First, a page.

I’m going to ignore the iPad versus Indamixx argument for now, tantilizing flame war bait as it may be. I think the software offerings are significantly different that people will have an easy time choosing. If you like the iOS apps, you’ll get an iPad. If you’re more productive in something like Ardour or Renoise, you won’t. If you want single-app experiences, you’ll go iPad. If you like interconnecting apps or using plug-ins, you won’t.
Instead, I think the question for the Indamixx 2 is how competitive other tablets may be. The “not-iPad” category now is small, but it may not remain so. Indamixx is betting big on MeeGo, but that Linux distro is relatively new and untested. The M1 Touch hardware features a capacitive touch input like the iPad, but I haven’t yet been able to use it myself, so I’m not sure how it stacks up in terms of display quality, touch quality, and overall reliability and performance. Many tech pundits, myself included, incorrectly predicted a slew of new tablets in 2010 to rival Apple’s, at least in hardware quality. But 2011 does seem a likely timeframe for new hardware. That means the question is whether you want to bet on Indamixx to customize your experience, or assume that you’ll set up your own Windows or Linux tablet.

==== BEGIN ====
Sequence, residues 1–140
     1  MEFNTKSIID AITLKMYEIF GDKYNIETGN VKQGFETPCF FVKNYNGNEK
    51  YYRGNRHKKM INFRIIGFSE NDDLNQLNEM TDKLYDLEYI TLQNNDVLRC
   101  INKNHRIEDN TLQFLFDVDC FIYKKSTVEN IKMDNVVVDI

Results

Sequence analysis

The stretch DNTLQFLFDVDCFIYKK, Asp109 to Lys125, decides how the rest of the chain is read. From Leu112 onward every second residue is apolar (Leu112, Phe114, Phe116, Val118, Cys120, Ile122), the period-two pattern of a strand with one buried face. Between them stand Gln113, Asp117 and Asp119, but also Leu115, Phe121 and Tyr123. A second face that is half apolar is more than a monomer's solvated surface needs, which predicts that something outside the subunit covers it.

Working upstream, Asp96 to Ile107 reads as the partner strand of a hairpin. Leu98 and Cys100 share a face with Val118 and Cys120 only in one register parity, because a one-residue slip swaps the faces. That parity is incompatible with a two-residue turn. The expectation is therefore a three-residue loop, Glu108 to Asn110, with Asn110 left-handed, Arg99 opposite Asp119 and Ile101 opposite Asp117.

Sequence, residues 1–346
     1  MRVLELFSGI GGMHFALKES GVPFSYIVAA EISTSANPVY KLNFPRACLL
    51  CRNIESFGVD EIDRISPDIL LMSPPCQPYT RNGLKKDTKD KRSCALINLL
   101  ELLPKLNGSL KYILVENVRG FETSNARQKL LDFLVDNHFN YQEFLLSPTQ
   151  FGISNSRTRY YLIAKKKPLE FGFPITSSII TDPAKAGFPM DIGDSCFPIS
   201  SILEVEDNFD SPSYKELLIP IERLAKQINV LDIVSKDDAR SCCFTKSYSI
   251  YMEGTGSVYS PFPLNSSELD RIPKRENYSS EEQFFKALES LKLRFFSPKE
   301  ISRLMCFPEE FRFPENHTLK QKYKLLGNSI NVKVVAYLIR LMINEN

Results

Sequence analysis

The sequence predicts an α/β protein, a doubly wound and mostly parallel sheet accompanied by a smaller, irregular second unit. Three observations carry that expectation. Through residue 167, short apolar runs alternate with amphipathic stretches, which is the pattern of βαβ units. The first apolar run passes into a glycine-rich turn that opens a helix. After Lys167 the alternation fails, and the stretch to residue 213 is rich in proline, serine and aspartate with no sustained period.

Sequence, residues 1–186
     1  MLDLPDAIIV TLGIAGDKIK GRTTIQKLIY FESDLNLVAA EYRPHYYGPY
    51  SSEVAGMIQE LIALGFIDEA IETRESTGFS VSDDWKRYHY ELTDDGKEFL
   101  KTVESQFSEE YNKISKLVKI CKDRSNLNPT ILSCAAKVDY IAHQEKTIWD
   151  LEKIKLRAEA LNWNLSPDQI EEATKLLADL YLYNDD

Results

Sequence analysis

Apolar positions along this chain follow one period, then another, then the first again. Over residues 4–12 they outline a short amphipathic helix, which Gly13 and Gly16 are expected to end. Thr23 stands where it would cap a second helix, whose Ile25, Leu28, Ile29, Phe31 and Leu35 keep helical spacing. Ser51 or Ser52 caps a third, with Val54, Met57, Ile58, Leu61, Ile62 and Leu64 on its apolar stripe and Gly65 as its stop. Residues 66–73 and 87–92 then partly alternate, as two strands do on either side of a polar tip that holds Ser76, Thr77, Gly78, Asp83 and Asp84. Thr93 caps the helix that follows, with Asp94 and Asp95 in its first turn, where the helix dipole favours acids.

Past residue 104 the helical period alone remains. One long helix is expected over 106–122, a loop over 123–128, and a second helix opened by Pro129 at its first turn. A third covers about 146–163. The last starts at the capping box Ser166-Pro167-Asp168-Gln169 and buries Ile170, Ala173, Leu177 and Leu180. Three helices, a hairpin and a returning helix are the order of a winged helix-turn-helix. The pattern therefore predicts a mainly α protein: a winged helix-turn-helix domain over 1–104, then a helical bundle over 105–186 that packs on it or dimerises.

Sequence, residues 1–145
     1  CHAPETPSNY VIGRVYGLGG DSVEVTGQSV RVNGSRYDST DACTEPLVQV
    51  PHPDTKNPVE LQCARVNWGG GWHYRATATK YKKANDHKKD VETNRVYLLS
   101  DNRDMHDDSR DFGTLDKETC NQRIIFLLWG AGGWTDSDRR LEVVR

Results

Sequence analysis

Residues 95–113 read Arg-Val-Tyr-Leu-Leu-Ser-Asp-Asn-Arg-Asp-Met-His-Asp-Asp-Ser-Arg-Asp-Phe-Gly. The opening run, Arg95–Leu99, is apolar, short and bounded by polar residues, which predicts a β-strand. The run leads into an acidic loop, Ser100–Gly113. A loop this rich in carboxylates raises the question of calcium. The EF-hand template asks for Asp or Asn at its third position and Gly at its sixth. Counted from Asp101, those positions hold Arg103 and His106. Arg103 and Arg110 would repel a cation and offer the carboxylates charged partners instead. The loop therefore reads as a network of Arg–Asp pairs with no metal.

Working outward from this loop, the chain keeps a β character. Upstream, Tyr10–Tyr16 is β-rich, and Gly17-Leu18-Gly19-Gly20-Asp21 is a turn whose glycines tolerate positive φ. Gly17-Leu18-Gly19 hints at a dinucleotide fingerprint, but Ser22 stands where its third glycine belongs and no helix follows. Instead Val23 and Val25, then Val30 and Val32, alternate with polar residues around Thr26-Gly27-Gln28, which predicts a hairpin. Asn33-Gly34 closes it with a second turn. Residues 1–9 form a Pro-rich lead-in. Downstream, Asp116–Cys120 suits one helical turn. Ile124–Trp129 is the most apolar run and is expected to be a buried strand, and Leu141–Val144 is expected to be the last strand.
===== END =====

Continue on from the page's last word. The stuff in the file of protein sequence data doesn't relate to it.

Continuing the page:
Diving in on a beta now isn’t for the feint of heart. Trinity offers only 6 months free support for the system, and warns against “airing out” criticism publicly, instead asking for bug reports. (Support after six months is available for a fee.) I don’t see an indication of NDA, but I would like to see indications of how responsive Trinity is to criticism – and this is a significant investment of cash for something that lacks long-term support.
To me, the big competition for Indamixx 2 is likely to be, ironically, Linux and Windows themselves. Will Trinity’s solution rival your own Linux or Windows install in May 2011? And is the better solution for tweaking Linux – which, even with the addition of these proprietary apps, still depends mainly on free and open source packages like JACK and MeeGo itself – be Indamixx as a private vendor, or the free software community? The latter is a relatively open forum for participation, whereas Indamixx, in its beta, warns “no crybabies” in its invitation to beta testers.
What we need to see is whether Trinity can build on its work in this field to deliver a truly finished, polished product, and whether it can build the kind of support relationship with users, developers, and the press to make its solution viable. Laptops have that ecosystem, and Apple – love them or hate them – does with iOS. Now, we’ll see how Indamixx stacks up to what’s likely to become a more crowded mobile space in 2011. In 2005, Trinity was relatively alone in calling for mobile music systems based on Linux. By the spring, when it comes to the tablet space, we may be off to the races. We’ll be able to judge the finished product, and its rivals, then.